Watch this great Ted Talk on unconscious bias – brief but impactful!

This is a quick little Ted Talk on unconscious bias–I love Helen’s examples! The whole thing made me think about the blue and black (or white and gold) dress. Of which, I still don’t know how to process…

Enjoy!

Speak Up! Responding to Everyday Bigotry

SPEAK UP!

Your brother routinely makes anti-Semitic comments. Your neighbor uses the N-word in casual conversation. Your co-worker ribs you about your Italian surname, asking if you’re in the mafia. Your classmate insults something by saying, “That’s so gay.”

And you stand there, in silence, thinking, “What can I say in response to that?” Or you laugh along, uncomfortably. Or, frustrated or angry, you walk away without saying anything, thinking later, “I should have said something.”

People spoke about encounters in stores and restaurants, on streets and in schools. They spoke about family, friends, classmates and co-workers. They spoke about what they did or didn’t say — and what they wished they did or didn’t say.

And no matter the location or relationship, the stories echo each other.

Speak Up! is a book that shares love, insight and pain, but also offers “lost words”, practical solutions and hope for a better tomorrow.

Download your free copy of SPEAK UP!

Another great resource offered by Teaching Tolerance.

Poem: “We are talking about” (biracial)

This will be my last poem from Arnold Adoff’s book “All the Colors of the Race” that I featured a couple of days ago. There are many more great poems in the book–buy it or check it out from your local library!

We are talking about

by Arnold Adoff

We are talking about

                           the ones who pick        their friends

                           because of how    black      they act

                                                                             or

                           because of how    white     they can

                                                                             be.

Sometimes blackness seems too black for me,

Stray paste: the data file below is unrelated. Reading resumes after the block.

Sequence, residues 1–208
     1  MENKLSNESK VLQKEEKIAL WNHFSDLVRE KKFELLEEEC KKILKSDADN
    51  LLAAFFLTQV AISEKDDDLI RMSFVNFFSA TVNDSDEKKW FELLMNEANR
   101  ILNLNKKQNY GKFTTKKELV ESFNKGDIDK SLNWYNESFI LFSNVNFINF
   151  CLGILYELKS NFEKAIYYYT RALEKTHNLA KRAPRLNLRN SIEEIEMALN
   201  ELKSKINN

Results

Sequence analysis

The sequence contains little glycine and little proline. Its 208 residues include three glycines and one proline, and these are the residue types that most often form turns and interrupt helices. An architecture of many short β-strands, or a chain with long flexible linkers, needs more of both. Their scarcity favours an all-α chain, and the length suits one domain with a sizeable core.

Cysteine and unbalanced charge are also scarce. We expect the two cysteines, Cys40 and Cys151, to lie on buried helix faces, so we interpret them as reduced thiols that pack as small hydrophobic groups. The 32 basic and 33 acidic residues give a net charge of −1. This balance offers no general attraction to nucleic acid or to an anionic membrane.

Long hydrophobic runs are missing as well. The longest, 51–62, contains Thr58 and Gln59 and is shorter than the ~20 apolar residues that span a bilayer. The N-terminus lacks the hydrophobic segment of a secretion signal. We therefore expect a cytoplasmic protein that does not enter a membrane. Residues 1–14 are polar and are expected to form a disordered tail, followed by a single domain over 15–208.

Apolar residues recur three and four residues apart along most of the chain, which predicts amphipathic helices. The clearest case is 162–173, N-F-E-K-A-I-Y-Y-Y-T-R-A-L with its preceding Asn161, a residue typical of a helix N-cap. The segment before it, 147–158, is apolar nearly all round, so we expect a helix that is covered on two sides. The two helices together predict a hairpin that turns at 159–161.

and whiteness is too     sickly pale;

                    and I wish every

                                        one were golden from

                                                                    the

                                                                   sun.

                         Golden from the

                                                   inside

                                                out.

“Race: Are we so different?” Part 6 – What race would you be somewhere else?

In this activity, you will see how race and ethnicity are reflected in census catagories across the globe. What race would you be somewhere else? What type of affect would it have on you in that country? Very interesting to think about!

We are winding down our highlights from the exhibit “Race: Are we so different?”.  If you have missed any, you can catch up here: Part 1, Part 2Part 3Part 4 and Part 5. To learn more about this exhibit visit Understanding Race.

Poem: “On my applications” (biracial)

Here’s another great poem from Arnold Adoff that was in the book All the Colors of the Race that I featured yesterday.

On my applications

by Arnold Adoff

On my applications   I can

                               put:

this girl:

          a black,

             white,

Christian,

Jewish,

            young

            woman:

                 student,

                 musician,

singer,

dancer,

runner    in the middle distance races,

                 is willing to help you

                 if you take her as she

                                             is.

“Race: Are we so different?” Part 5 – Does race matter in sports quiz

 

This quiz made me think of the movie “White Men Can’t Jump”. While I haven’t seen it in a LONG time, I remember the gist of it. White boys shocks everyone because he can play ball. Is it a stereotype that race plays a factor in how good of an athlete you are? Test your knowledege.

Surprised by anything?

We will continue to look at a couple more highlights from the exhibit “Race: Are we so different?”.  If you have missed any, you can catch up here: Part 1, Part 2Part 3 and Part 4. To learn more about this exhibit visit Understanding Race.

“Race: Are we so different?” Part 4 – Human variation quiz

Can scientists determine a person’s race by looking at their DNA?

Can experiencing racism lead to serious health consequences?

These are 2 of the 10 questions on the Human Variation Quiz. Run over and take it, I’ll wait…

How’d you do? Were you surprised by any of the answers? Tell us!

Stay tuned as we continue to look at a few more highlights from the exhibit “Race: Are we so different?”. If you missed our previous highlights, check them out: Part 1, Part 2 and Part 3. To learn more about this great exhibit visit Understanding Race.